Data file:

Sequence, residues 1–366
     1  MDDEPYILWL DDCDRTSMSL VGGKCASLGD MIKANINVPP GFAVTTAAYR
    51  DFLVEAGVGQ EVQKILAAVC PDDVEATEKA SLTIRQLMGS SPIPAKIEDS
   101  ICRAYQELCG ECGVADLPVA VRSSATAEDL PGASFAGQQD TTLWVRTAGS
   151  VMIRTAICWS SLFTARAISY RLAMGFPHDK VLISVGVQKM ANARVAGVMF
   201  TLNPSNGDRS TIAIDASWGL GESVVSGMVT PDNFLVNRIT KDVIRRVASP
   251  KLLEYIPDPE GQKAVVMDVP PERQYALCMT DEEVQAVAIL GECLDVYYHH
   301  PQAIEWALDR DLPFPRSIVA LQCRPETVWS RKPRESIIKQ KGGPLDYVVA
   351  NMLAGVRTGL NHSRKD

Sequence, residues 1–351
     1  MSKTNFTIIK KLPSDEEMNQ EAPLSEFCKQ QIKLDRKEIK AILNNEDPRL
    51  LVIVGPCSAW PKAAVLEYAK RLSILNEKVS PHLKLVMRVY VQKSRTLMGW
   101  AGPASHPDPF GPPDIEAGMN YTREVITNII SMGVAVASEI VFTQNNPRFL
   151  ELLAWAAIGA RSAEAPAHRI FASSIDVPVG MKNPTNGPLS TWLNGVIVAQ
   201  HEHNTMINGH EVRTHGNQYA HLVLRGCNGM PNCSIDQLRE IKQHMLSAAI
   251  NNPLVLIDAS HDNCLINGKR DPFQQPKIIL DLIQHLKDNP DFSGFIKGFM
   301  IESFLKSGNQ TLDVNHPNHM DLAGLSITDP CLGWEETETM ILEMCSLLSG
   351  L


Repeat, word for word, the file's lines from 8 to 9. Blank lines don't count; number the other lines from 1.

   301  PQAIEWALDR DLPFPRSIVA LQCRPETVWS RKPRESIIKQ KGGPLDYVVA
   351  NMLAGVRTGL NHSRKD